as you know, i hang around with famous people all the time (being famous and all), so today i’d like to offer my 5 things you need to know about fame.
before i start the list, i would like to point out that there is an enormous difference between famous people and celebrities. celebrities are those obnoxious people who turn up everywhere and you have no idea what they actually do or how they became famous. these include everyone from big brother, kim kardashian, paris hilton, kevin federline and peaches geldof. it seems that these days it is enough to just to be a famous person’s daughter, boyfriend or drinking partner. just appear on as many red carpets as you can, party all night every night, take your top (or better still your knickers) off on every occasion, get done for drunk driving and go out with someone famous. or get adopted by someone famous. or pretend to be friends with someone famous. famous people do not necessary have talent or if they do, you might not like or appreciate it, but they are famous for actually having done something other than the things mentioned above.
- famous people like fame. you might be under the impression, if you read most tabloid/rag magazines, that people like princess diana and britney spears don’t really like the attention they get/got. this is total crap. do you think that any person in their right mind would pursue an entertainment career from the age of three if they didn’t want the spotlight? and if lady di didn’t want fame, what the hell was she thinking when she got married to the old plant whisperer back in 1981?
- famous people are like you, only richer, thinner and with better teeth. they still have to sleep, eat and go to the loo but they have an entourage to help them do it. they do not wake up in the morning looking like they do in the magazines. many have endured years of painful surgeries and treatments, daily workouts and starvation diets, armies of stylists and hairdressers to look like that. it’s enough to send mere mortals screaming back to bed. the difference is that when famous people scream and run back to bed, we call it rehab. when you lot do it, it’s called being bone-idle.
- famous people like awards. these days, it seems to be the protocol to be humble and self-deprecating at award ceremonies, thanking those that “made this possible”, saying “this award really belongs to so and so” or actually (god forbid) turning one down! no, no, no, no, no. the truth is, famous people really want to stand up there and give this speech: “i am very happy that you finally recognised my enormous talent and gave me the award i deserve. it is perfectly obvious that my performance in ____ was better than _____’s in _____ and thank goodness you weren’t too stupid to see it. i worked my sexy butt off with this award in mind, so well done to me. now that i know you love me more than anyone else, i will get off the stage and go and get drunk. see you next week/month/year when you reward me again for my outstanding gorgeousness and immeasurable talent.”
- famous people like to be asked for their autographs. why else would they be eating, drinking or sunbathing in the “it” places? if you didn’t want to be noticed by hordes of fans, why don’t you pop down to the local fish and chip shop with no make-up on to get your dinner. or call the local chinese take-away and enjoy a chicken chow mein in the comfort of your own private cinema?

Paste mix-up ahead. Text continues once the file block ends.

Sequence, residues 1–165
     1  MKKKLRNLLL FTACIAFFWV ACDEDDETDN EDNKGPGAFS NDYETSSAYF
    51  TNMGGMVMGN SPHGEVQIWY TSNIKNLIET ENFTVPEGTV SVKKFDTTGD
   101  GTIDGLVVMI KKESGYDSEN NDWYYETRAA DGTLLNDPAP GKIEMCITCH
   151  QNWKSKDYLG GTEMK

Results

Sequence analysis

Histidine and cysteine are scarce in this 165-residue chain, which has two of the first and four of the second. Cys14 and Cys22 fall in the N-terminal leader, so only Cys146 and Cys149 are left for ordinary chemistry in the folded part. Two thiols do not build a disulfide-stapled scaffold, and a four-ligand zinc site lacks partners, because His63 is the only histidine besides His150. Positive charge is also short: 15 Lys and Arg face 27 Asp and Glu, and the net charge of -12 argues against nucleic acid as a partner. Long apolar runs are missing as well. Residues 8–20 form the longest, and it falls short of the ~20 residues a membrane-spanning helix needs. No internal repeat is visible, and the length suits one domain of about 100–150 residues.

would you honestly look twice if this girl stood next to you in tesco?
or if this girl was crossing the road in front of you?
no. but if you recognised them in their extraordinary ordinariness and asked them for a signature, they would be flattered don’t you think? i certainly would be.
- famous people do, in fact, die. yes, it may come as a complete shock to you but they do. michael jackson has indeed “ceased to be”, princess di has “kicked the bucket” and elvis presley (even the king himeself) has “shuffled off ‘is mortal coil”. what remains is hype, exaggeration, wishful thinking, disbelief maybe, fanaticism and magazine/newspaper/film/record and book sales. the truth is that famous people are flesh and blood. infinitely more special and deserving than everyone else but flesh and blood nonetheless. sorry about that!
not many of you will know this about me but i’m utterly addicted to celebrity cooking shows. i could watch hours of top chef, top chef masters, hells kitchen, the f word, no reservations, jamie’s kitchen, conviction kitchen, iron chef, kitchen nightmares… etc etc etc. i’ve even been known to watch rachael ray and emeril. i also follow quite a few celeb chefs on twitter.
now before you say “what a sad bugger”, let me attempt an explanation of my ever-growing fascination with chefs. what strikes me (and has been commented on many times) are the similarities between cooking and making music. Many top chefs admit to an obsession with music and quite a few dabble on the other side in their spare time. for example, hubert keller is a dj, rocco dispirito is an avid guitar player, jamie oliver is a half-decent drummer, johnny ciao worked in the music industry for 20 years before becoming a chef, ainsley harriot was a musician of sorts, marco pierre white looks and acts like a rock star and of course, jerome “chef” mcelroy (south park) is isaac hayes.